As Texas lawmakers prepare for the 84th Texas Legislative Session, one of the topics on their agenda is the Texas transportation system. How to maintain and enhance all modes of transportation in the state to benefit residents, business owners and travelers has been discussed in recent sessions.
Given innovations in technology and a growing population, what should the state’s network look like 20 or 30 years from now? How can we pay for maintaining the current infrastructure we have while adding needed improvements to meet future demand? How can Texas facilitate international trade for the country as a whole?
One thing is clear: we’ll need new solutions to answer these questions. The old way of doing things — simply building our way out of an ever-increasing demand on our infrastructure — won’t work anymore. In 2013, TTI launched the Transportation Policy Research Center (PRC), under the direction and support of the Texas Legislature, to conduct research and analyses to help guide lawmakers in finding those new solutions. As a result, PRC is looking ahead in the areas of finance, freight, congestion, technology, public engagement and transportation data.
This issue of the Texas Transportation Researcher profiles several center projects aimed at arming decision-makers with research for use in shaping transportation policy that will affect all Texans for decades to come. Notably, PRC recently conducted a statewide poll to gauge the public’s understanding of the state’s transportation system and preferences for future alternatives. Legislators can use the survey results to fashion more effective policy to better meet the needs of constituents. As you’ll read in these pages, PRC is also developing new tools on merging multiple data sets and exploring innovative travel demand management programs.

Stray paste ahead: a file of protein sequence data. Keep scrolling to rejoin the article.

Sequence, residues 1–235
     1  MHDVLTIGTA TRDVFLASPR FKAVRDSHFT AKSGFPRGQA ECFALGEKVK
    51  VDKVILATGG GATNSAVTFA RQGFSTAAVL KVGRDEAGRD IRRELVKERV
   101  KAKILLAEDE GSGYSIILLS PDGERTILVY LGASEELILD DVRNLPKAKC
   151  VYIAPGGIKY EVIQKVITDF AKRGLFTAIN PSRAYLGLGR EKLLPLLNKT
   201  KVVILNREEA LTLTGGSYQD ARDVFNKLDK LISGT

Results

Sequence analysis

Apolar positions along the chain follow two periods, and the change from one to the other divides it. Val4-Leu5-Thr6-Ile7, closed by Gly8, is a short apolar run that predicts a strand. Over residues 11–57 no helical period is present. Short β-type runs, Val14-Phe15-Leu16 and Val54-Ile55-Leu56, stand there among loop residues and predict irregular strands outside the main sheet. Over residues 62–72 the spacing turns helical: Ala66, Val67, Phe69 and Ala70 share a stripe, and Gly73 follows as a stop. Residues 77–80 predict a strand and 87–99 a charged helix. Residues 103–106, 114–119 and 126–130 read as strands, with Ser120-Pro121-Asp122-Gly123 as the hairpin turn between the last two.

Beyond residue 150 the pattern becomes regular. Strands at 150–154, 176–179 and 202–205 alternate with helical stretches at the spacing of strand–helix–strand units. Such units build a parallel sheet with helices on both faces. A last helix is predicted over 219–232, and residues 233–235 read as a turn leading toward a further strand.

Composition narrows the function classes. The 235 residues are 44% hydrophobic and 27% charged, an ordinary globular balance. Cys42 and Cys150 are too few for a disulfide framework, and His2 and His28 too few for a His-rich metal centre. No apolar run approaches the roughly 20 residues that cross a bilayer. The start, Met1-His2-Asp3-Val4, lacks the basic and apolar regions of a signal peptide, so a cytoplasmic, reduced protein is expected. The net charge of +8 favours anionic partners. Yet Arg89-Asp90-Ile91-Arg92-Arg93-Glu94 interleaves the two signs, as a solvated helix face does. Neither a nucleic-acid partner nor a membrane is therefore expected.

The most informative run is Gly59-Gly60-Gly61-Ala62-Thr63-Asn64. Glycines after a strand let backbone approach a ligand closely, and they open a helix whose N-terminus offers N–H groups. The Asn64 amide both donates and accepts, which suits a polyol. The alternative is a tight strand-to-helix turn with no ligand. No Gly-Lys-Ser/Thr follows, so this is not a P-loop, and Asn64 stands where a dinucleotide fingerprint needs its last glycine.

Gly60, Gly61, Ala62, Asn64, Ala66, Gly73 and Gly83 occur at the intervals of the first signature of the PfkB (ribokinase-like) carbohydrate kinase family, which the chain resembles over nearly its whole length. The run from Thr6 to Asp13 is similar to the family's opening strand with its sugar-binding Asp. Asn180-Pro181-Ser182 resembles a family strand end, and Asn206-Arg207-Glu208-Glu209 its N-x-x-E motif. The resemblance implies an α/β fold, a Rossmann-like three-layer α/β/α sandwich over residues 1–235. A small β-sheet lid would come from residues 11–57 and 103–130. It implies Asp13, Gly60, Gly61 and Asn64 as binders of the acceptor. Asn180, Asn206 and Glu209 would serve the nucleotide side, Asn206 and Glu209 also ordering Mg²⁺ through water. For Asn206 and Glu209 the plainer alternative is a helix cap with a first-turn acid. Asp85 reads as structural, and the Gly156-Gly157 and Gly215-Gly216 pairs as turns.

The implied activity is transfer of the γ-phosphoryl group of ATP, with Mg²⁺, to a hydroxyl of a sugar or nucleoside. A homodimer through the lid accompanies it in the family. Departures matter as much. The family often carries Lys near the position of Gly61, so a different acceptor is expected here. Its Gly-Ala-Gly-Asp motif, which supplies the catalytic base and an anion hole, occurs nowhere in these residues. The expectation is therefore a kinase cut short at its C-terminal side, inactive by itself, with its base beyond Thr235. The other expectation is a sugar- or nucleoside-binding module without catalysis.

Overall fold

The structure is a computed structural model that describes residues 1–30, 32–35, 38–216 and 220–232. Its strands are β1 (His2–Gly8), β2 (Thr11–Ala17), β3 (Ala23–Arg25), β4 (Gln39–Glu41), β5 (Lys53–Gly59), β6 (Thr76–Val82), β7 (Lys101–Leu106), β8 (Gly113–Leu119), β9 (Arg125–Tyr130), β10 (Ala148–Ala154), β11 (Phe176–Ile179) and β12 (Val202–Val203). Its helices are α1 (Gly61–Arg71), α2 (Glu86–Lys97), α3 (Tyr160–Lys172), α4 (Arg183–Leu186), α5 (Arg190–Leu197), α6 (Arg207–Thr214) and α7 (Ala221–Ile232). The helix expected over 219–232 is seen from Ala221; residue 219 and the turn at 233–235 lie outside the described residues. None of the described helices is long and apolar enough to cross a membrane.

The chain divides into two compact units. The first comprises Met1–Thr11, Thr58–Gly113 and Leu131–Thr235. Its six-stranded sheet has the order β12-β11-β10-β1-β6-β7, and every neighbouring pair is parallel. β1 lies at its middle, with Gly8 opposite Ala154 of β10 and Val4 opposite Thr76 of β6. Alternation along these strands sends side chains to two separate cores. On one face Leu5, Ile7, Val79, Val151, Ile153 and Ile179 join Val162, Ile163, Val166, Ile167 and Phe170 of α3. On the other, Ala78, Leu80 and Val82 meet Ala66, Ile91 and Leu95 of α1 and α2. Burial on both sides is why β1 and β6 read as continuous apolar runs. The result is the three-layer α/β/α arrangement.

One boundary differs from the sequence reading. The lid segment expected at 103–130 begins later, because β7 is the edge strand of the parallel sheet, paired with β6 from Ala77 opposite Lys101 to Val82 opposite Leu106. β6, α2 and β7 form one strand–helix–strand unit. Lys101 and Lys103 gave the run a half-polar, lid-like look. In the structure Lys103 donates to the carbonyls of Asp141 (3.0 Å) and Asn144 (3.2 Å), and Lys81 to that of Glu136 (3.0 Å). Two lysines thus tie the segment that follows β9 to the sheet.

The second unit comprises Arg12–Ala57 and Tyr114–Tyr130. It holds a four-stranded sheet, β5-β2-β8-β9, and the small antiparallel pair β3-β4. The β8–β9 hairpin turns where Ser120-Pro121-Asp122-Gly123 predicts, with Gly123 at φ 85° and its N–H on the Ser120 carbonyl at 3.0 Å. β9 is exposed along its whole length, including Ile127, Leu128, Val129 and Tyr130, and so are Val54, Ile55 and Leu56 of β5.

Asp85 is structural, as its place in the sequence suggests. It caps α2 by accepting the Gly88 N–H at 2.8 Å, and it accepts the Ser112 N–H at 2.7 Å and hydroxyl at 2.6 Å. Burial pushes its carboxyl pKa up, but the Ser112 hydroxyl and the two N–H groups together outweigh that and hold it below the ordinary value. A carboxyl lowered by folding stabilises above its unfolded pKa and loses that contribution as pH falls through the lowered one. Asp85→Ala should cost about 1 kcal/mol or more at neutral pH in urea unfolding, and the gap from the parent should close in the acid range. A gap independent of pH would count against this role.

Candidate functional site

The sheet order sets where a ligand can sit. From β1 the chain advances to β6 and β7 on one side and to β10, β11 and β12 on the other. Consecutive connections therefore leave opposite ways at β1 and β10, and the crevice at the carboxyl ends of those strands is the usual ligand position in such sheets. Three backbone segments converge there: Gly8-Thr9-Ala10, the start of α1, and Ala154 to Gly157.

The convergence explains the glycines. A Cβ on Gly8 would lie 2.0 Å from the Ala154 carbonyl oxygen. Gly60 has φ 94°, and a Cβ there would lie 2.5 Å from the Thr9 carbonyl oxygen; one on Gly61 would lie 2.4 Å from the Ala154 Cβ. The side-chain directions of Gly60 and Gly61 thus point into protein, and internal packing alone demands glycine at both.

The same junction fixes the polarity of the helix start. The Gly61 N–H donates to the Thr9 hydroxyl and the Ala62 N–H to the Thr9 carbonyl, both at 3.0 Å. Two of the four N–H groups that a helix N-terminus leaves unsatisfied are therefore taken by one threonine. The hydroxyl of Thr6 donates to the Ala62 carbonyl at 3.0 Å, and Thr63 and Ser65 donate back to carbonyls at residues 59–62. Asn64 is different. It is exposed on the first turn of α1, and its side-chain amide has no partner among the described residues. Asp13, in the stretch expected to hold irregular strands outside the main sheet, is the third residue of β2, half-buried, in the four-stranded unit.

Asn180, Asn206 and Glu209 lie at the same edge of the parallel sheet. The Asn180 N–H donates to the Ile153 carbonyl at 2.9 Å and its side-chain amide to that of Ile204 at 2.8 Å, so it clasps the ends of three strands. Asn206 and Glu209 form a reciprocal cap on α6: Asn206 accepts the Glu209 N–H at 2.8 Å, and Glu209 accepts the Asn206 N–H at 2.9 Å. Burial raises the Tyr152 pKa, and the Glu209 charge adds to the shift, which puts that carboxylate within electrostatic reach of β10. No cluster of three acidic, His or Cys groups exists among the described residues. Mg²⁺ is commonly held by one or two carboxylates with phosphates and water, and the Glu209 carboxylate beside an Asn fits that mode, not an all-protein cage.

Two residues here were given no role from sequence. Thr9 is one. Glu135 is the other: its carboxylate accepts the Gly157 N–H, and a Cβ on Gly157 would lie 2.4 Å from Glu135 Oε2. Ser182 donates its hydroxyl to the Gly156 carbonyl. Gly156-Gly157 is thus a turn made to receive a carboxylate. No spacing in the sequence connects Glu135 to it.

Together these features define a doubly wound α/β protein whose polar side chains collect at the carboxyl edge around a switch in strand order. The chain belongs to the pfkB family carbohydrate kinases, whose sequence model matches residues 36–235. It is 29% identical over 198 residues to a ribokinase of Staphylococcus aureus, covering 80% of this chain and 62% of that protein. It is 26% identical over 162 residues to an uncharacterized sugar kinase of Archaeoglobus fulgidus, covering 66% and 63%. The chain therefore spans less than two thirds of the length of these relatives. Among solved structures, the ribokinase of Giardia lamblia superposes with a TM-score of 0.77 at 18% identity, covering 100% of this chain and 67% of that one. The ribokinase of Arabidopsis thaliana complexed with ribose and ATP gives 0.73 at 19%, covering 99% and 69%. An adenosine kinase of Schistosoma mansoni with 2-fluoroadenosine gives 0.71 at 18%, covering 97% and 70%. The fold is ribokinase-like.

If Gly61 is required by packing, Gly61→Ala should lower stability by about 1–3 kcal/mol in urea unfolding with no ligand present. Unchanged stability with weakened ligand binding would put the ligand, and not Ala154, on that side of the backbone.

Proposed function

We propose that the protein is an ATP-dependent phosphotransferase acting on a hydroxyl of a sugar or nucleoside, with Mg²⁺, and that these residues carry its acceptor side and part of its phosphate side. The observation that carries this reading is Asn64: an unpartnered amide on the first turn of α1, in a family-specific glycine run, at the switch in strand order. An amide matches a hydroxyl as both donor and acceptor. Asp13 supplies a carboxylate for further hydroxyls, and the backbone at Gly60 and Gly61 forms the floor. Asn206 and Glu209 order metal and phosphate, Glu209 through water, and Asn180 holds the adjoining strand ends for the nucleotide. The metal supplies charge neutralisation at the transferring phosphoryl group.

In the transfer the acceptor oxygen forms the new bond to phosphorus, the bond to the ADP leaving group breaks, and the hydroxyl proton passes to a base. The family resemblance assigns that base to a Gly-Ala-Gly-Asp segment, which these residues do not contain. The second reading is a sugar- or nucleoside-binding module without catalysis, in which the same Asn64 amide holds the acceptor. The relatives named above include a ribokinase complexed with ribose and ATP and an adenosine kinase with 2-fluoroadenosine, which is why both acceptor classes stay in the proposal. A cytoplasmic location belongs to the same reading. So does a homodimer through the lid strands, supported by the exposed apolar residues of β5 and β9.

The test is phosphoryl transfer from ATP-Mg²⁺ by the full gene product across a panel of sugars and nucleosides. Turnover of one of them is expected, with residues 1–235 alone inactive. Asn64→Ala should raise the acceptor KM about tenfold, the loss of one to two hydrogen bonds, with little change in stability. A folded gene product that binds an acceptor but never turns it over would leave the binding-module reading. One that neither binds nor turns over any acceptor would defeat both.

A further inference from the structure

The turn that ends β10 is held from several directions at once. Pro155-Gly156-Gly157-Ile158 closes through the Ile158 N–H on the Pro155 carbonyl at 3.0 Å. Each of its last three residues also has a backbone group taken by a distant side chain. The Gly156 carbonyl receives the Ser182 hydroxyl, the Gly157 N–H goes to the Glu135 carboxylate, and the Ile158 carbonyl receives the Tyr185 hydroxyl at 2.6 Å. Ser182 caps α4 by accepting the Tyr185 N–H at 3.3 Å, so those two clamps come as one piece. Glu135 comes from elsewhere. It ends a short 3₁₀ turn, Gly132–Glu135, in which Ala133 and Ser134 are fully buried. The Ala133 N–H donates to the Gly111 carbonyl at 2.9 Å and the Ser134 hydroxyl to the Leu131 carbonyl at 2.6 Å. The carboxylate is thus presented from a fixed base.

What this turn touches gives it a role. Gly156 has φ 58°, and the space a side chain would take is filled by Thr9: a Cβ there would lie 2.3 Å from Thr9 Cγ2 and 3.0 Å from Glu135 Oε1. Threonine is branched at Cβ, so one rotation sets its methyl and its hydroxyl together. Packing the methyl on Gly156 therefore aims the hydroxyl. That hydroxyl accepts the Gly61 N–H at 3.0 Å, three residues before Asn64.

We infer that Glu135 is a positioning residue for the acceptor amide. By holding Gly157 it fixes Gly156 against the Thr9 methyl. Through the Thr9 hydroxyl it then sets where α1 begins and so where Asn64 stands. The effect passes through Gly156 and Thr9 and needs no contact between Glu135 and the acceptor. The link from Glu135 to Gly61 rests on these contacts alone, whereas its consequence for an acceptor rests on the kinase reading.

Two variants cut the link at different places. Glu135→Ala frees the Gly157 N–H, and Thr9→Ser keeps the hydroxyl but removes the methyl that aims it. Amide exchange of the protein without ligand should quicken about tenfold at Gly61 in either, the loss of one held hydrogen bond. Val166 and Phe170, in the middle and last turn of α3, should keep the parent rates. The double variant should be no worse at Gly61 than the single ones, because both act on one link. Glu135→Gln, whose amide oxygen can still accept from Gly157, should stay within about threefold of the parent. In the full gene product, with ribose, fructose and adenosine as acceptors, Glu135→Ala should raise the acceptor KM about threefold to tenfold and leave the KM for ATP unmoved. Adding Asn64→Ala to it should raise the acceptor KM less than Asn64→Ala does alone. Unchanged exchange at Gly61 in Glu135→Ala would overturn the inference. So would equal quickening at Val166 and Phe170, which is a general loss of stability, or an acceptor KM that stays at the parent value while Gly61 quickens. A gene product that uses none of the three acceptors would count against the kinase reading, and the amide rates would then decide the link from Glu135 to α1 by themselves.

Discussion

A number of other Institute research initiatives are improving transportation in Texas and beyond. On the international front, we’re helping to retrofit bridges to bring them up to current safety standards. Our Transit Mobility Program is working with agencies in Texas to help them better understand the challenges and benefits of converting their bus fleets to more environmentally friendly fuels, like compressed natural gas. And TTI’s award-winning Teens in the Driver Seat program has just received a $350,000 grant from State Farm to expand the reach of its peer-to-peer young driver safety program to 100 more high schools around the United States.
TTI research initiatives like those profiled in these pages are helping Texans at all levels, from the young drivers behind the wheel for the first time to elected officials working diligently to shape our state’s future. We’re like the navigator in the passenger seat on a long trip. Having another pair of eyes can help the driver stay on course and keep everyone in the car safe. And that’s what TTI research does for the state of Texas.
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